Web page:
• State-of-the-art storage: A hardware platform and architecture conducive to long-term stability and evolution.
  • Intelligent storage management software: The software layer that provides information life cycle management and flexible administrative tools.
  • Intelligent and automated DICOM data management: The DICOM-conformant software application that supports the initial data migration, HL7 operations, prefetching of priors, DICOM moves and finds, as well as automated and interventional quality control.

I do not suggest that there is one solution that will fit all situations. I would suggest instead that you initiate a process that will lead you to your own ideal proactive data migration solution. Begin a conversation with a PACS vendor or a storage provider. Discuss the principals and key issues described in this article, and see where those conversations take you. It won't take you long to discover one or more vendors that understand exactly what you're describing, and before long you'll have several proposals to consider.

A great deal can be gained by this paradigm shift. Taking ownership of your data is key among them, but it's also a much better way to manage the life cycle of that data. There is a very real possibility that your total cost of ownership attributable to managing and distributing medical image data over the next 20 years will be considerably lower than would otherwise be the case.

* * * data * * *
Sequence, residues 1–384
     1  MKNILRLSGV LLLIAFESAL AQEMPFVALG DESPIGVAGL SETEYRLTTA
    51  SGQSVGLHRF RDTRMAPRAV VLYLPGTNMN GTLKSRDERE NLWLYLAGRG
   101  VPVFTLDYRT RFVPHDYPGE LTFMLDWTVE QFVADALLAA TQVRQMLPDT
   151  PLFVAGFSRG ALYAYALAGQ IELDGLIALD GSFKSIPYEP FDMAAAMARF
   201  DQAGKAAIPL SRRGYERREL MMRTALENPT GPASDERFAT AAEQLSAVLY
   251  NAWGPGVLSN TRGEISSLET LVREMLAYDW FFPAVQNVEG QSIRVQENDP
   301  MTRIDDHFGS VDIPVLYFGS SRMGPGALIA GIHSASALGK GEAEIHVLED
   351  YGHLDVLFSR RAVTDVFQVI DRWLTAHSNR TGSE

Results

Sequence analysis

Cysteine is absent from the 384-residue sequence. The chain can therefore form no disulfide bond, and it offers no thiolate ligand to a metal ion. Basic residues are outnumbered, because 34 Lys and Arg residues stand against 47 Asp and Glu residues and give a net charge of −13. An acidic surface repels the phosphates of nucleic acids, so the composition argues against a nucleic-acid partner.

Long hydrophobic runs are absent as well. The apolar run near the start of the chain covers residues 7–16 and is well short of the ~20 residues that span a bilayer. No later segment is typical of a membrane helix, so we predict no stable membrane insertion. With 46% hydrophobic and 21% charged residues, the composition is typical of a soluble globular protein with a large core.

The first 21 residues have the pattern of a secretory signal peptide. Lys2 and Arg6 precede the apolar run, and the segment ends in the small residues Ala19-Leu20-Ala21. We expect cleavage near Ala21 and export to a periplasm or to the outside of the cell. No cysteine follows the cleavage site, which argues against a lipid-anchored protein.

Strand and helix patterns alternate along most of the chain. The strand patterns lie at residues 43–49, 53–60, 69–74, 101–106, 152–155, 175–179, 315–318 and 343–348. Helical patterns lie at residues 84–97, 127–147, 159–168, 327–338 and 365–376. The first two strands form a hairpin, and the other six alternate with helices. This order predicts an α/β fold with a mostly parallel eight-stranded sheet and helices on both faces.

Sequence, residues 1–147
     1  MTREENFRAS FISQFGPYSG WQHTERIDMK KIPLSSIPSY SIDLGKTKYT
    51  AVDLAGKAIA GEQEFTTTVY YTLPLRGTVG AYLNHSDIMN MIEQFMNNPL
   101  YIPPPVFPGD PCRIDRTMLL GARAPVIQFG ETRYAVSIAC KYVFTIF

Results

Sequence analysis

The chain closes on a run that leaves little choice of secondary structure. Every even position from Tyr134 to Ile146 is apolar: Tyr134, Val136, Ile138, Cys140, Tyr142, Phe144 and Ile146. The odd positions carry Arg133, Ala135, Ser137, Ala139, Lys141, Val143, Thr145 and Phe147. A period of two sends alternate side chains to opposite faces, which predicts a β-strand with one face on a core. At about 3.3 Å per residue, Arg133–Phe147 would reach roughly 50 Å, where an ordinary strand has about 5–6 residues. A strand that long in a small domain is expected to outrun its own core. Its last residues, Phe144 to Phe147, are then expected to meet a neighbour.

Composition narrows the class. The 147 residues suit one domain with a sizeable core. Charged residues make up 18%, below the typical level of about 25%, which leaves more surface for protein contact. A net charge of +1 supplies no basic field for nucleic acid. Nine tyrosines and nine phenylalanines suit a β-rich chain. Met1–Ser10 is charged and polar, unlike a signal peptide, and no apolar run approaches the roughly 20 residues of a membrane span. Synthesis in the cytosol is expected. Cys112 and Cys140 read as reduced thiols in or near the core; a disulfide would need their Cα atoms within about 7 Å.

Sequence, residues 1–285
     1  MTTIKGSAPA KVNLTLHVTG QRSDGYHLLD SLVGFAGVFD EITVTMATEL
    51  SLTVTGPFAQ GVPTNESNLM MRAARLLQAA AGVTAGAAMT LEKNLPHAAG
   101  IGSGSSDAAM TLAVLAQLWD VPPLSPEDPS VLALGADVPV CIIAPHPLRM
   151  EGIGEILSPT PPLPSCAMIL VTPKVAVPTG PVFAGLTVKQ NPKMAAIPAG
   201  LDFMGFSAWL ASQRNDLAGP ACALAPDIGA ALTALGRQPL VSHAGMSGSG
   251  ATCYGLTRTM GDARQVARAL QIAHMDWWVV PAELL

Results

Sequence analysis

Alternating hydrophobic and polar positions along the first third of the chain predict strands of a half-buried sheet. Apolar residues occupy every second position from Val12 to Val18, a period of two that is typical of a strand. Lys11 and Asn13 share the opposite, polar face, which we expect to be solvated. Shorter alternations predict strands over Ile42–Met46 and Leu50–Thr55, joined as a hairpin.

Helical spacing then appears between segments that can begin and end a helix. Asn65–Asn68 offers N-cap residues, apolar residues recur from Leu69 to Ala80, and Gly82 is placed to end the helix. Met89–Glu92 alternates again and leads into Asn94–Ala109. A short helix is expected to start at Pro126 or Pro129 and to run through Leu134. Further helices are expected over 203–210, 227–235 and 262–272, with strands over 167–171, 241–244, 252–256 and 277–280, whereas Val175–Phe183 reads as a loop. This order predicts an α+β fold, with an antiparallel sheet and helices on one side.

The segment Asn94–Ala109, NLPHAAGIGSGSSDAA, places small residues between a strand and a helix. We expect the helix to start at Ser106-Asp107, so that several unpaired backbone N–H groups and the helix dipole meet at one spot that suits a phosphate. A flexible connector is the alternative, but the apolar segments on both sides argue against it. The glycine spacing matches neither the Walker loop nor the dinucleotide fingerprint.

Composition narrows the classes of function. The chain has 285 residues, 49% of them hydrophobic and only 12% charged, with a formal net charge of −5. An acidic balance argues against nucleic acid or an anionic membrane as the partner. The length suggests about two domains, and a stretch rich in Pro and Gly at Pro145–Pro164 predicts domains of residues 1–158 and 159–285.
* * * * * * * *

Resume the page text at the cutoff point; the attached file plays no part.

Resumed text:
A larger percentage of the costs will be invested in the more stable archive, and an increasingly smaller percentage will be assigned to the PACS, which is likely to be replaced every five to seven years. Of course, significant savings can be had by not having to migrate the data ever again.

I believe that the separation of archive from PACS, and this specific paradigm shift, will result in a significant reduction in the overall cost of ownership; the vendor lock will be eliminated, and that nearly always leads to more competitive pricing. This time around the DICOM archive will be successful.

By Michael Gray contributing writer
January 4, 2007

Michael Gray is the principal of Gray Consulting and has been providing consulting services related to PACS since 1991. Mr. Gray has recently published a "do-it-yourself" electronic RFP template. Information about "RFP with a Punch" and Gray Consulting can be found at

Related Reading

Part I: Proactive PACS data migration -- A better way to address the inevitable, October 26, 2006

PACS users wise to maintain DICOM object integrity, April 6, 2006

Choose image archiving solutions before data volume grows too large, January 5, 2006

Foresight aids PACS migration, June 4, 2006

Planning mitigates PACS data migration, March 21, 2005

Copyright © 2007 Gray Consulting